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Hearings for Sewer Plant Privatization Plan in Works

Legislator requests public sessions in legislature to answer questions about proposal for private companies to take over facilities.

The  Nassau County Coalition of Civic Associations (NCCCA) has lobbied for hearings on a plan to privatize the county’s sewage treatment system — and they may get their wish.

Nassau County Legislator Denise Ford (R-Long Beach) informed the NCCCA that she will request hearings on the privatization plan at legislature meetings this spring. Ford said Wednesday that she submitted a request to hold hearings on Nassau County Executive Edward Mangano’s , which would involve selling or leasing the Cedar Creek Water Pollution Control Plant in Wantagh, Bay Park Sewage Treatment Plant in East Rockaway and Glen Cove Sewage Plant to a private company.

Ford, whose fourth legislative district covers the area serviced by the Bay Park plant, said she had concerns about Mangano’s plan, which is aimed at closing a more than $300 million budget deficit. She said the hearings would be aimed at addressing how privatization would impact the county’s three plants from a fiscal and environmental perspective as well as their workers.

“I’m not totally sold on the idea,” Ford said. “I do have concerns and that is why I want to hold hearings.”

Ford could prove to be a swing vote on whether the privatization plan gets the go-ahead. The Republicans control the legislature 10-9. 

The county has issued a March 31 deadline for its request-for- proposals process to help determine a potential private operator for the three plants. The three companies in the running include British sewage treatment system supplier Severn Trent PLC; Paris-based Veolia Environment SA, which has its American headquarters in Lombard, Ill.; and United Water, Inc. of Harrington Park, N.J.

Wall Street giant Morgan Stanley was hired by the county as a consultant to oversee the RFP process.

NCCCA founder Claudia Borecky said Tuesday that she hopes the upcoming hearings will raise important issues about the potential plan before it comes to a vote. Borecky pointed out research conducted by the NCCCA that shows sewage rates are currently about $185 per year, but if plants are privately operated they could be roughly that same amount on a monthly basis.

“It’s a back-door tax,” Borecky said of the privatization plan.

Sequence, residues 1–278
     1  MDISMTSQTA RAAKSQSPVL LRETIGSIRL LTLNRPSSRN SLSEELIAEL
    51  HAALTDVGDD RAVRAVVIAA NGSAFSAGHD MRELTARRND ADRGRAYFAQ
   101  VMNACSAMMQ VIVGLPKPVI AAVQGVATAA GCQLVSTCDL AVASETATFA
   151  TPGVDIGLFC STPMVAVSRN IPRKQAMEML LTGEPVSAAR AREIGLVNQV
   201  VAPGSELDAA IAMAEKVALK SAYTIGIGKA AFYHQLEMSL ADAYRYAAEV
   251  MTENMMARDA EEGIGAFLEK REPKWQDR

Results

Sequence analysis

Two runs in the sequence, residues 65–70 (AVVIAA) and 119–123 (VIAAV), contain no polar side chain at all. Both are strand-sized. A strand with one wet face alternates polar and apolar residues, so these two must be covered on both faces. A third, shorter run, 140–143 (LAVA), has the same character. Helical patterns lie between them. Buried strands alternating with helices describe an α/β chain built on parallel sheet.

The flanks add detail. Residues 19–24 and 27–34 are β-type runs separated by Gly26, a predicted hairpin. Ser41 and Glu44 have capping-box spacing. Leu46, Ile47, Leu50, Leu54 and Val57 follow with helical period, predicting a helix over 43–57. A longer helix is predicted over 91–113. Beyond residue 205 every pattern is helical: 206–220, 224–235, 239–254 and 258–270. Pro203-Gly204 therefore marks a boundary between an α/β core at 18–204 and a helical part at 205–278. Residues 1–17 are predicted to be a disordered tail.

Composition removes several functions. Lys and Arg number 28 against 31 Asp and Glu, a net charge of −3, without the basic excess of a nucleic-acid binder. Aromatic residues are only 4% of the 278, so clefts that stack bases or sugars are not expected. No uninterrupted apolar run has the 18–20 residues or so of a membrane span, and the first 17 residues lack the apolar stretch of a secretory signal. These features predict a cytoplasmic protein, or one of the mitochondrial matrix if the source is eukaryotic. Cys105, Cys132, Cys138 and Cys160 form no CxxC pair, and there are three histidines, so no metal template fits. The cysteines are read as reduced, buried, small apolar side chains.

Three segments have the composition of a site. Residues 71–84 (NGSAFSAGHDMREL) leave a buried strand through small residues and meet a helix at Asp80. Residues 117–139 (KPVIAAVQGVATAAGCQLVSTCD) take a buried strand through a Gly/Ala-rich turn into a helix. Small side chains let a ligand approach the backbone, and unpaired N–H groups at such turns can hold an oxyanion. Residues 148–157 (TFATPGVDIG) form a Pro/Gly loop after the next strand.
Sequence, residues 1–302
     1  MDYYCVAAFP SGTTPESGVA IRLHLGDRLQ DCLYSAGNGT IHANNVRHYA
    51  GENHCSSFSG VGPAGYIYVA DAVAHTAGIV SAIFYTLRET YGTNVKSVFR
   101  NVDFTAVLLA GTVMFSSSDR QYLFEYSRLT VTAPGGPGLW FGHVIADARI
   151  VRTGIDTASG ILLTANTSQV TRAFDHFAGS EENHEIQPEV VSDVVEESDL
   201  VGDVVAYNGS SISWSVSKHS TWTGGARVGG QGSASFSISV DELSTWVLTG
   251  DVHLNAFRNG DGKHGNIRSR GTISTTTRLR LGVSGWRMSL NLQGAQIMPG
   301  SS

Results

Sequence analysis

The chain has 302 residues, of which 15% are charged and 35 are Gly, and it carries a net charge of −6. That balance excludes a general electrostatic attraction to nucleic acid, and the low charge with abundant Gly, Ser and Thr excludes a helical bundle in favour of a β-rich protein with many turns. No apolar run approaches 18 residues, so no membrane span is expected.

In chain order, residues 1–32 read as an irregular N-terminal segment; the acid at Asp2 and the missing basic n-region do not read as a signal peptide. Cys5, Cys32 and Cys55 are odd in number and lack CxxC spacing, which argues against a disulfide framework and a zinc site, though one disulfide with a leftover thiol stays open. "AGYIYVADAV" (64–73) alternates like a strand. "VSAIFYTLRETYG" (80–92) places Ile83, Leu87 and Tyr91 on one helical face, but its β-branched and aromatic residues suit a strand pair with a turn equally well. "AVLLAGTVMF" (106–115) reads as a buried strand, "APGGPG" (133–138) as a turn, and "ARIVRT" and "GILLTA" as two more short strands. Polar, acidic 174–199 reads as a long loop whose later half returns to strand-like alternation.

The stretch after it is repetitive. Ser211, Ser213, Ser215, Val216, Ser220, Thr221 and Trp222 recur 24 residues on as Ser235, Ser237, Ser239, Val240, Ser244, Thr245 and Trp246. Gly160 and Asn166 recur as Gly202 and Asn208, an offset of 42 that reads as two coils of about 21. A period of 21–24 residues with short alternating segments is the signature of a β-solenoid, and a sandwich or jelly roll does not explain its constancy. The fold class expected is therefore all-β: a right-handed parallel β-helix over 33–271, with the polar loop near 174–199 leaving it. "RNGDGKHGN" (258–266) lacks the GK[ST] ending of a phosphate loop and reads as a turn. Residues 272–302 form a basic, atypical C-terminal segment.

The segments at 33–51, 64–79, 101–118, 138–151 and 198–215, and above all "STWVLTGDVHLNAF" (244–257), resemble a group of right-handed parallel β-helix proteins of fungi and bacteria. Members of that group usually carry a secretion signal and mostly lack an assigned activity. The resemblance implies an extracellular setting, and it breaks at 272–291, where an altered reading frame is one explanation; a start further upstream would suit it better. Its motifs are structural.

Nassau Chief Deputy County Executive Rob Walker emphasized Wednesday that Mangano will make sure that residents are kept up to the speed on the privatization proposal.

“County Executive Mangano will soon hold public informational sessions that will inform the public of the facts and solutions for a productive way to move forward,” Walker said.

Frank March 26, 2012 at 04:16 PM
This is stupid beyond the realm of stupid. Stop trying to Band-Aid the situation. Private or not, you can never "heal" the western bays as long as you pipe waste into it. Extend the outflow pipes into the Atlantic like Nassau should have done in the first place. Allow the Western Bays to return back to health. Shame on all our representatives for being so near-sighted.
Frank March 27, 2012 at 02:11 PM
County Executive Mungo is blatantly avoiding the one solution that would erase South Nassau's shame: Extend the outflow pipe in Baypark into the Atlantic.
Frank March 28, 2012 at 03:29 PM
I implore the Nassau County Coalition of Civic Associations (NCCCA) to conduct research on the issues and hope it concludes, as have many environmentalists and concerned citizens on Long Island, that the outflow pipes must be extended into the Atlantic. to NCCCA: Don't get lost in the private-public melee. The fundamental issue is the relentless assault of the Western bays ecosystem. No matter how "clean" the waste is, it's still waste and we're pumping multiple millions of gallons of it a day into a small body of water.

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